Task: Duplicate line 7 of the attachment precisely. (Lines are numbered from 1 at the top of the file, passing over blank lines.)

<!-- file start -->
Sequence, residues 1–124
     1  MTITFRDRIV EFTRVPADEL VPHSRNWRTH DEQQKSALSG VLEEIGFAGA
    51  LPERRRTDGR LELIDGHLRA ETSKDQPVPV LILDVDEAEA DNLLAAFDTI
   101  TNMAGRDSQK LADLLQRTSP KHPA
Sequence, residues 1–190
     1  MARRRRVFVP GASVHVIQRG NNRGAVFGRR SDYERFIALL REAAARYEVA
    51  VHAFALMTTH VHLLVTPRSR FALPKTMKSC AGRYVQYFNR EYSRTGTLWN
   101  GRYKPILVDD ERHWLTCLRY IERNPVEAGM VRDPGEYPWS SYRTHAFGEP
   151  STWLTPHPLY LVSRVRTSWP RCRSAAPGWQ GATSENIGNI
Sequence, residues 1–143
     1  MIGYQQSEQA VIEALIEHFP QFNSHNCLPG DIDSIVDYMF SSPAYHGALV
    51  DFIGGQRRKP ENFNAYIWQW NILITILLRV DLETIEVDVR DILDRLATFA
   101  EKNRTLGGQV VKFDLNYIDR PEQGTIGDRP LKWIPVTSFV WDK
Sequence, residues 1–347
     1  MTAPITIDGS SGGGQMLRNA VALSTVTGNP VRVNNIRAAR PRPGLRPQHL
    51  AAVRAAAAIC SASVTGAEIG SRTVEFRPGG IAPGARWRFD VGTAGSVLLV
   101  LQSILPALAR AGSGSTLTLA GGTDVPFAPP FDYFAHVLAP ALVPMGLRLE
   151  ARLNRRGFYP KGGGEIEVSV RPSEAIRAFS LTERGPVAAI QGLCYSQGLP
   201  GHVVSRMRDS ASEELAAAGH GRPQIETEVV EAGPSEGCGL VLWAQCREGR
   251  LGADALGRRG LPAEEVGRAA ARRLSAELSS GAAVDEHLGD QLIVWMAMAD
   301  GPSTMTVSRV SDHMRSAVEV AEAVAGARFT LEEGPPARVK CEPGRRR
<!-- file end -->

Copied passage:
    51  VHAFALMTTH VHLLVTPRSR FALPKTMKSC AGRYVQYFNR EYSRTGTLWN